In addition to bilingualism, what will the impact of our school be a hundred years after its foundation? It is always risky to pinpoint new trends, but I hope and believe that our future influence will be closely associated with citizenship. This is a classical concept that is being updated and given a new lease on life by a wide variety of institutions worldwide, from France’s Ministry of Education to Columbia University. In an address delivered in late September at the Metro Toronto Convention Centre, President Barack Obama, who was introduced to an audience of more than 3,000 spectators by a TFS parent, talked about citizen engagement as being key to deepening the quality of our democracies and improving the human condition. Likewise, our new Governor General, and former astronaut, Julie Payette, insisted in her installation speech that we must see ourselves as citizens of the same planetary spaceship, as partners whose success and even survival depends on our willingness to collaborate towards higher goals and the common good.
I am glad to say that, at our school, we are leaders in this new global movement, as we place citizenship at the heart of our education and link it directly with the three strategic pillars of academic ambition, all-round development and international perspective. As a matter of fact, our concept of citizenship comprises a wide range of unique characteristics. TFS citizens are expected to be intellectually ambitious in the pursuit of knowledge and meet challenges with effort so that difficulties can become learning opportunities. TFS citizens are expected to embrace an all-round education that can make them more aware of their individual rights and social responsibilities, one that enables them to see through the deceptions of all sorts of populisms and encourages them to participate more effectively in public life. Lastly, TFS citizens are expected to cultivate a universal outlook by seeking to be multilingual in order to become acquainted with different worldviews, and also by adopting an intercultural attitude, whereby they can learn from other traditions and engage in the worthy task of finding global solutions for global problems.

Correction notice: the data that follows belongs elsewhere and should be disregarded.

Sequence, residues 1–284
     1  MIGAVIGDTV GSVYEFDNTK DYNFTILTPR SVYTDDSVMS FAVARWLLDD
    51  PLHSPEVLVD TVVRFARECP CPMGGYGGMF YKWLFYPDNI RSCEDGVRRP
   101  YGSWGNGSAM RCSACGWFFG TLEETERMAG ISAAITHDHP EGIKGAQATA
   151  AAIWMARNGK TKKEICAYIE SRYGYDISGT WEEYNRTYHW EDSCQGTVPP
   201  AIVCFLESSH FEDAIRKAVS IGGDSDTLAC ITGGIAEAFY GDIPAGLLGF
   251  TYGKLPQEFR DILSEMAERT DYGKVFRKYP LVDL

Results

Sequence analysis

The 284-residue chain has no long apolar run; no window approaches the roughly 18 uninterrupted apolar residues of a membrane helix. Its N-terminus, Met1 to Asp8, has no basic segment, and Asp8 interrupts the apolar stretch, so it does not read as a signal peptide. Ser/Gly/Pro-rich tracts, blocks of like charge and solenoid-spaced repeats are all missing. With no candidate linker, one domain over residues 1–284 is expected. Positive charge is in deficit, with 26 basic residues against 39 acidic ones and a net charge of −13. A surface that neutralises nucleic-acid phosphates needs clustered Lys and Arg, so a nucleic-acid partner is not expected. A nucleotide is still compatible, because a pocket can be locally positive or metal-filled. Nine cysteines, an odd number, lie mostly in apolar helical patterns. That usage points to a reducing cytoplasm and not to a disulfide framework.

Therein lies our strength as an institution. By virtue of being part of the TFS “city,” our students are getting ready, without even realizing, to join the global city and contribute to its progress. The role of education is, in my view, to equip children in such a way that this transition from local to global can be as smooth as possible. We must therefore encourage them to experiment in the safety of our school so that they can gain the knowledge, skills and attitudes that they will need, once they join the world of adults, to be able to fend for themselves successfully and at the same time strive for the betterment of society.
I can now begin to understand why the speech I had delivered at the Head’s Welcome Reception came back to my mind at the end of my visit to the Canadian Museum for Human Rights. I suppose that, ultimately, education is the only means we have to overcome the mistakes of the past and look forward to a brighter future. Admittedly, human progress does not always move in a straight line and it is at best fragile, but it is precisely because of this that we must consider our school a metaphorical Tower of Hope at an important fork in the path of life. If all of us do the right thing, our children will endeavour to become good citizens who can make a positive impact on their communities and the world at large, much like the waters coming from the western hills and turning northward in search of idyllic lakes and bays.
Such is the power of conviction. Such is the power of youth.
Dr. Josep L. González
Head of School